Tuesday, December 19, 2006

Happy Campers at Snow School (part 1)

This morning at 8:00 am. sharp, twelve participants of the USAP, including myself, reported at the Science Support Center to begin our 2 day survival training camp, better known as ‘Happy Camper School!’ This was a requirement for all participants who would potentially leave McMurdo for a field camp. Kevin Emery, our instructor, started out with a friendly yet serious tone by introducing us to the possible hazards associated with camping in extreme cold weather. He laid out the means by which the body loses heat and emphasized appropriate clothing to maintain body heat. That was why we were all dressed in our ECW gear, ready to head out for camp. He then went over some important preventive measures and also a few diagnostic tips aimed at recognizing signs of mild hypothermia and also what one should do to try and prevent a fellow camper from going into severe hypothermia. Another critical part in keeping warm was drinking warm fluids such as tea, hot chocolate, cider etc.

Happy Campers setting up camp!

So, armed with these valuable insights, Kevin led us first to pick up our food supplies for the 2 days at the Galley. From there out team headed out to the Ross Ice Shelf in a big shuttle bus and Kevin driving the piston bully with the supplies. We were dropped off just after Scott Base and walked from there to the Instructor’s Hut which was probably a couple of miles away. Now, as it happened, the warm and sunny weather we had for the past few days had suddenly decided to take the day off and so, we had a grey overcast day with a light snow and a decent wind from the Southeast and a temperature of -10 degrees Celcius!

At the Instructor’s Hut we were glad to have Kevin bring us a pot of hot water and we soon warmed up over hot chocolate. Also, we started on a brunch of cold sandwiches which would keep us fueled for setting up camp. We then assembled and tested our stoves which we would use for heating water later tonight. After preparing our sleep-kits comprised of warm, insulated sleeping bags and two thermal pads we made our way part of the way back where we would be pitching camp. Here there was also a storage for tents and other camping equipment which we ferried out on sleds to the actual camp site a few hundred feet away. Kevin then gave our group a few suggestions about the layout of a typical camp and the positioning of a snow-wall to shield the camp from wind. We observed some of the remnants of previous Happy Campers and quickly decided to make an arc shaped snow-wall with the two large Scott tents acting as part of it which would then provide a protected space for the smaller mountain tents.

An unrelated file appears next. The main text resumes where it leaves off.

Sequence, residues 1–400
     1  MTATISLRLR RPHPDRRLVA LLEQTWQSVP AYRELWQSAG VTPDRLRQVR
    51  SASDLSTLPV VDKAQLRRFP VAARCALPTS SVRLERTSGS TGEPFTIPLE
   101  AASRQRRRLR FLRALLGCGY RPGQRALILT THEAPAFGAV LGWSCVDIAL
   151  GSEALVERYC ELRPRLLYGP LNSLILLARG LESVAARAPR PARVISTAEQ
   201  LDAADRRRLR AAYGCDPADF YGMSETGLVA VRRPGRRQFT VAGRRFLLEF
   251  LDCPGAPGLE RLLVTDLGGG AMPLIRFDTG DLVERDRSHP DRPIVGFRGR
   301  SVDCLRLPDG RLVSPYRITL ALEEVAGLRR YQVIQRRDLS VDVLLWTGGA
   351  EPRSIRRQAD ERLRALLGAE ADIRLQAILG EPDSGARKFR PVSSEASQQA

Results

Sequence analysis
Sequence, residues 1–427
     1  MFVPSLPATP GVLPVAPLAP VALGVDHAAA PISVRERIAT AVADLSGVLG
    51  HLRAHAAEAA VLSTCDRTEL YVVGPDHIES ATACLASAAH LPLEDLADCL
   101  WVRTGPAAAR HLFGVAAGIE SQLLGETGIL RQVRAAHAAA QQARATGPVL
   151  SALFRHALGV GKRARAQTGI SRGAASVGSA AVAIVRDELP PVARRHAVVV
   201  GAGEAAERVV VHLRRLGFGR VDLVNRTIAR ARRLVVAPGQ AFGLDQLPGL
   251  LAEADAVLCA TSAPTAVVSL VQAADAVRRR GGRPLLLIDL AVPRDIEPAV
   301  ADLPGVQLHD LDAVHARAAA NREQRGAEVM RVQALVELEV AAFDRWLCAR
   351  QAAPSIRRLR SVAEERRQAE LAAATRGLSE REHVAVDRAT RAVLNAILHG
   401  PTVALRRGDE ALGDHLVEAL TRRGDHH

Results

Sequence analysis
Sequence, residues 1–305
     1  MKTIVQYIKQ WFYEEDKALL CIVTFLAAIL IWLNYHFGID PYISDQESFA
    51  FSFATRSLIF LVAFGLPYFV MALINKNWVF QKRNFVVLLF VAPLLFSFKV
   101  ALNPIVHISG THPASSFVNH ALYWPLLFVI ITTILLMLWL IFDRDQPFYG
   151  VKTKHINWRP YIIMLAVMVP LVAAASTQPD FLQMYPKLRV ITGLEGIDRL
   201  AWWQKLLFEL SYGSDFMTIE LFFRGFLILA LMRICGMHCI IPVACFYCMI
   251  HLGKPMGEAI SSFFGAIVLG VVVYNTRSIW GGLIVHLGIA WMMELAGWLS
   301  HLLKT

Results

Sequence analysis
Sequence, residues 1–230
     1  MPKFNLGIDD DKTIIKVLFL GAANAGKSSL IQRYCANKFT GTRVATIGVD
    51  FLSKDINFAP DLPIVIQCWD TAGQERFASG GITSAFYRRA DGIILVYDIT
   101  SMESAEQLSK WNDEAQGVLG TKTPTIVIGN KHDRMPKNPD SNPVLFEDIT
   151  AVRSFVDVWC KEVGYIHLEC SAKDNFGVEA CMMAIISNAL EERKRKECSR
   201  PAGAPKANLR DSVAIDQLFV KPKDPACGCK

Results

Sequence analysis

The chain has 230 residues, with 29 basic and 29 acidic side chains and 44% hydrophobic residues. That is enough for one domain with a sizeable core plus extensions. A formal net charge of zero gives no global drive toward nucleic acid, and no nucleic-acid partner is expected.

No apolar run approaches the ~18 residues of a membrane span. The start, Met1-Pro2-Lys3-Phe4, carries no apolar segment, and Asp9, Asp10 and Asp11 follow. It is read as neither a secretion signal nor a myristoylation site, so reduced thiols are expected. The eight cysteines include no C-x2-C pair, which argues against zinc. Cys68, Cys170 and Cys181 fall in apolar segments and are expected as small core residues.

The Happy Camp!

Buiding the snow-wall was a little project by itself. This was done by dividing the labour between the team, some of them sawing blocks from the Ice Shelf, while others transported these on sleds to the campsite where the ‘masons’ gave them their final shape and constructed the wall.

We also made a few snow shelters such as the quincy, which was essentially constructed by covering a large pile of our bags with a thick layer of compacted snow followed by digging out the bags from one end and making another entrance at the other just below ground level. The resulting structure is remarkably sturdy and supposedly comfortable. Building the quincy also required a lot of shoveling to cover the pile of bags which kept us warm but at the same time was tiring. With a team effort setting up camp was accomplished in a few hours and soon it was time to start dinner. We each selected a packet of dehydrated meals, added some boiling water, mixed it up, let it hydrate and wallah, we had dinner! It was actually not as bad as it sounds, and the chilly I had was surprisingly good!

Eating out of a bag at Happy Camper School!

By now everyone had made a decision as to where they would be sleeping and I opted for the Scott tent which could house 3 people, but as we had a lot of smaller tents and shelters, I just had one camp-mate, Jeff Gee, who was a scientist working on the Dufek massif focusing on correlating rates of magnetic reversals with the cooling time of the enormous igneous body. He and his group would be leaving for the field in a
couple of days. Their group went out for an after-dinner walk while I decided to curl up in my
sleeping bag with a bottle of hot water for warmth and relax with some music on my mp3 player. It had been a long day and I was soon asleep.

At the end of a long day.

An ice fall on Ross Island to the northwest of our camp.

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